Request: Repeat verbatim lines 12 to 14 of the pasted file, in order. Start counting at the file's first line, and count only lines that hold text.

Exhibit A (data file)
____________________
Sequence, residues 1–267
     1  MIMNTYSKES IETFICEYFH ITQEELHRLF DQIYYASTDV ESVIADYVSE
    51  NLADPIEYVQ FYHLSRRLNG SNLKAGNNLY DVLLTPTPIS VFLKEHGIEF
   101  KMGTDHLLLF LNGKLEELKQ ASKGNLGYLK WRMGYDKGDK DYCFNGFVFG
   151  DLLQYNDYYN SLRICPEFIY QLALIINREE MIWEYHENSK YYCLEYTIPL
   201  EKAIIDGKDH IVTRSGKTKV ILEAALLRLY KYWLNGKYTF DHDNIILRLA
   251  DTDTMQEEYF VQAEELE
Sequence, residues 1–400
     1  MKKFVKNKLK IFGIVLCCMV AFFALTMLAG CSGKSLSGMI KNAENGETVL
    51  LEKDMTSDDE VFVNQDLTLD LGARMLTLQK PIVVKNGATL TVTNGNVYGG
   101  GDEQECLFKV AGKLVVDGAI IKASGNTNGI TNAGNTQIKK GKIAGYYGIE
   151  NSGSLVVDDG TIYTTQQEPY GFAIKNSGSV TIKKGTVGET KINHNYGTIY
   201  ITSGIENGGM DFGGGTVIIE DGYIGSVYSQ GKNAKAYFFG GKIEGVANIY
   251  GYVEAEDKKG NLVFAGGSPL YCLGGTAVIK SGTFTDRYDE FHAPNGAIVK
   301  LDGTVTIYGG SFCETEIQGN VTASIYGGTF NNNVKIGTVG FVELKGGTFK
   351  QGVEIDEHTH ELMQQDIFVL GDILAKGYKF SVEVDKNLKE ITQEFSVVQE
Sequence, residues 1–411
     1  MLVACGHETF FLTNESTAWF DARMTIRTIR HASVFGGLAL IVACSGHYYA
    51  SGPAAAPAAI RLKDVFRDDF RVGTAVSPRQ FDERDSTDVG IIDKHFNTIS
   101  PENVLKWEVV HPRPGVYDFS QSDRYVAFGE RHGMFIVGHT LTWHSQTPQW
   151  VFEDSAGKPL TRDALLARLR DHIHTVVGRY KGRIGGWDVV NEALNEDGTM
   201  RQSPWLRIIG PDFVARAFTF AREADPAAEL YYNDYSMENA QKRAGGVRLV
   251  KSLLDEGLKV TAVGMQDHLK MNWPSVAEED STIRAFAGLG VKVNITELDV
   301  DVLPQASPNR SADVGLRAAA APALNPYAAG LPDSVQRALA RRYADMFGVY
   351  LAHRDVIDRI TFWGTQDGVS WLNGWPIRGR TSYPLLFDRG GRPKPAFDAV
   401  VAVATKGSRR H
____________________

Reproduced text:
   151  NSGSLVVDDG TIYTTQQEPY GFAIKNSGSV TIKKGTVGET KINHNYGTIY
   201  ITSGIENGGM DFGGGTVIIE DGYIGSVYSQ GKNAKAYFFG GKIEGVANIY
   251  GYVEAEDKKG NLVFAGGSPL YCLGGTAVIK SGTFTDRYDE FHAPNGAIVK